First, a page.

“When the legislation was in front of Congress as part of the energy bill, the only thing that our members were concerned about, and it was just a handful of members, was the school-bus routes for picking up children in the dark on rural routes. That was the only thing that they were concerned about. Nothing having to do with actual agriculture,” Grondine told the AFP.

Farmers have changed their views on daylight saving for two reasons, Downing said.

“One is, farmers now rely on electricity more than sunlight. So for instance, most henhouses are electrically illuminated. Hens don’t lay eggs according to the sun. They lay according to a schedule of electric lights,” Downing said.

“But more importantly, there are simply fewer farmers. They’re not a powerful political constituency. Here’s a heartbreaking statistic – as of the year 2000, there were more Americans living on golf courses than there were Americans living on farms. And golfers love daylight saving. So we’re likely to get more and more of it,” Downing said.

 

An argument against the energy factor

On the energy-savings issue, Downing argues that “it turns out that not only does daylight saving not save us any energy, but it actually probably encourages us to use more energy.”

The reason, Downing said, has to do with the very economic benefits cited by the golf, barbecue and convenience-store industries – “we know that daylight-saving time, when we have longer summer evenings, encourages us to go out and spend money. And the reason we know this is that the industries themselves who profit have told the Congress how much it’s worth to them,” Downing said.

“When Americans go outside and go to the mall or to the ballpark, they get into their cars. So daylight saving increases the amount of driving, and therefore consumption of gasoline,” Downing said.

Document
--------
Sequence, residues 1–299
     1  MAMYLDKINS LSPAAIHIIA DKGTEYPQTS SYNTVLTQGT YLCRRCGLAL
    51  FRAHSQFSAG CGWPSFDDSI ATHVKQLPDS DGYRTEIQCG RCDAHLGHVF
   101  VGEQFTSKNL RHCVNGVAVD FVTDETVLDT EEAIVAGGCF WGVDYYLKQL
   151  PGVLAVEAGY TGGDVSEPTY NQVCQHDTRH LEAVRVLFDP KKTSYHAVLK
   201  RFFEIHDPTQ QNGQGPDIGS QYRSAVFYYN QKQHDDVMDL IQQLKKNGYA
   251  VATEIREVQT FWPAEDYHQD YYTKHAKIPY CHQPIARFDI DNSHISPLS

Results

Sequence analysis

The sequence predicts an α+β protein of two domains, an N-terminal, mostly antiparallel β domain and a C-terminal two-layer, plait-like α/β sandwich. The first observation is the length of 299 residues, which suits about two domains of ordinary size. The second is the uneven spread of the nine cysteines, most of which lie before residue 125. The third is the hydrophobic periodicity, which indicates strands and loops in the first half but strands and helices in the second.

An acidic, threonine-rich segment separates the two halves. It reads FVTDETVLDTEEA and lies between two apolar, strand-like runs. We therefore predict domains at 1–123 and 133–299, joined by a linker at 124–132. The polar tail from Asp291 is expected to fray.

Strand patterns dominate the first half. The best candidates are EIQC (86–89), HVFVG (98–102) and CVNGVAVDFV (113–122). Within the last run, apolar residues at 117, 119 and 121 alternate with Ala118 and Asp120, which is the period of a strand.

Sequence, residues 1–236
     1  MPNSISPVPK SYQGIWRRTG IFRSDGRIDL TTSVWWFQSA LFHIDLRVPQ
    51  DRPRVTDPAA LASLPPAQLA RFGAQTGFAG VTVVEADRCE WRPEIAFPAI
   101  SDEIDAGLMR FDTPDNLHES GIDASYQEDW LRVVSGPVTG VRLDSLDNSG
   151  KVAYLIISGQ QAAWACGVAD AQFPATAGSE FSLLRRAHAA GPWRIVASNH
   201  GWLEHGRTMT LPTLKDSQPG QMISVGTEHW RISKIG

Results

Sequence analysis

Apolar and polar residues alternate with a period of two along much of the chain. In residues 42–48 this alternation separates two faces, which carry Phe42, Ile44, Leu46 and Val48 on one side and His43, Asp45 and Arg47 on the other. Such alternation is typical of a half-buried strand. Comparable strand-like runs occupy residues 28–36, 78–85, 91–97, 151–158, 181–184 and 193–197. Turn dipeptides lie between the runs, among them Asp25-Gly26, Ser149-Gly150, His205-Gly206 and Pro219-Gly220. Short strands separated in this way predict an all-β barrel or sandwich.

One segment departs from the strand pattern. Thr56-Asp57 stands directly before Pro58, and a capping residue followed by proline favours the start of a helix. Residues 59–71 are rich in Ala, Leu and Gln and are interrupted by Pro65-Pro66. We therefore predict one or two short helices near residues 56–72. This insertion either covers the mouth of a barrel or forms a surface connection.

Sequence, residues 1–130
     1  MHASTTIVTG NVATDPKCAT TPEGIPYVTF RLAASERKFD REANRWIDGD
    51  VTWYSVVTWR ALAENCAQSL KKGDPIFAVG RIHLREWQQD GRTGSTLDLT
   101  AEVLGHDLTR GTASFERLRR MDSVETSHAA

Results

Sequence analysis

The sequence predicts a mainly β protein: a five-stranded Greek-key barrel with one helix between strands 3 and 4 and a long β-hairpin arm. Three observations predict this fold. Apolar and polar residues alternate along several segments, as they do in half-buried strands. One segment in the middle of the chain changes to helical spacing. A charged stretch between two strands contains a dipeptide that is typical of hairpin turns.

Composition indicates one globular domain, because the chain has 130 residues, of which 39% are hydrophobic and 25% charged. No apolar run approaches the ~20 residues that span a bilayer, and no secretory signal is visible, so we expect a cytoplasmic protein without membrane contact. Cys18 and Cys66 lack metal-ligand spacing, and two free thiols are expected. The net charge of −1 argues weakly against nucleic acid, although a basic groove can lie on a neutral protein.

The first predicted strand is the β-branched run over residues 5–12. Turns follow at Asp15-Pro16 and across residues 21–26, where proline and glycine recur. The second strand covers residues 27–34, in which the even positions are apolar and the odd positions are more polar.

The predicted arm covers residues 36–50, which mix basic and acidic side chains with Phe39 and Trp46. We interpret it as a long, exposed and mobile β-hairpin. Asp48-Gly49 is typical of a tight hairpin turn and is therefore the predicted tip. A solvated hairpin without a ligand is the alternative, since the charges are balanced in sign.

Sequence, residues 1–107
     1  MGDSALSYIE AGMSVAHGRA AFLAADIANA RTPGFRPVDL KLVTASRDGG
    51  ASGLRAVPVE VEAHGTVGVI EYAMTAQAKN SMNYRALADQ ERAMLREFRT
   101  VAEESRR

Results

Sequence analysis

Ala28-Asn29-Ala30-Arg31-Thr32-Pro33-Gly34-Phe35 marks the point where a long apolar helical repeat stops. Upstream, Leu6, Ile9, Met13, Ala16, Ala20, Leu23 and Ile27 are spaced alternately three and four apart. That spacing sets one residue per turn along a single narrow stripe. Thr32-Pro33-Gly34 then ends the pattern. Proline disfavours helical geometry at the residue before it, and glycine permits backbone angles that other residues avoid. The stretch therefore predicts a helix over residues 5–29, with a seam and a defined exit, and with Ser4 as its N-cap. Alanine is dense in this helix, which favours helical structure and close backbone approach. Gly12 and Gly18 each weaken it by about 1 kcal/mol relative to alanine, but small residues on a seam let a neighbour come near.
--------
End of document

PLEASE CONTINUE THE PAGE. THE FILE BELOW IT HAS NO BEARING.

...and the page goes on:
“The issue here is that we can’t save oil with daylight saving, despite the Congress’ insistence that we can. Because we don’t use oil to produce electricity in this country. So the idea that what we’re doing is not turning on our lights in the morning because we have morning sunlight, and we turn them on later in the evening because we have evening sunsets extended, that electricity saving can’t be realized because we use nuclear power and steam to produce electricity, not oil,” Downing said.

 

Another expansion?

The legislation that Prerau helped craft originally called for a two-month extension of daylight-saving time.

“I actually like the compromise measure better, though. I think that it wound up being a very good law,” Prerau said.

“Our daylight-saving time period that we had was a little off-center in the sense that the sunrises in October are more or less the same as March, and yet we had daylight-saving time in October and not in March. By making this extension more in the spring than the fall, it sort of puts it more into a pattern that matches the sunrise pattern better,” Prerau said.

Downing points out that the move to begin daylight-saving time in the second week of March will turn things off-center in another direction.

“It literally means in 2007 that we are going to spring forward, ironically, in the winter. And we’re going to extend daylight saving into November. In simple terms, this is what it means. Americans will not see the sun in November until the earliest at 7:30 in the morning. Many cities won’t see it until 8:30 in the morning. Which is an awfully late sunrise time,” Downing said.

Downing would like to see a return to what was referred to in the 1960s as uniform time.

“Congress got it right in 1966. That’s when they passed the Uniform Time Act, which gave us six months of daylight saving and six months of standard time,” Downing said.

“I’m a devoted fan of long, late-summer evenings. But what the Congress got wrong after 1966 was that they said that Americans wanted more daylight. Unfortunately, the Congress can’t legislate the length of the day. And we simply have too little sun in the fall and in the winter to make daylight saving work. And Congress can’t give us more sunlight. So I’m all for the six-month compromise,” Downing said.

Prerau, for his part, said he can see adding some time to daylight saving “on both sides down the road.”

“Right now, daylight-saving time is very popular, except in the very middle of winter, when there are very dark mornings,” Prerau said. “This extension is not going to make the earliest sunrise much earlier for most places in the country than they already have. And the sunrises that people get in March aren’t going to be any different than what they already have in October.”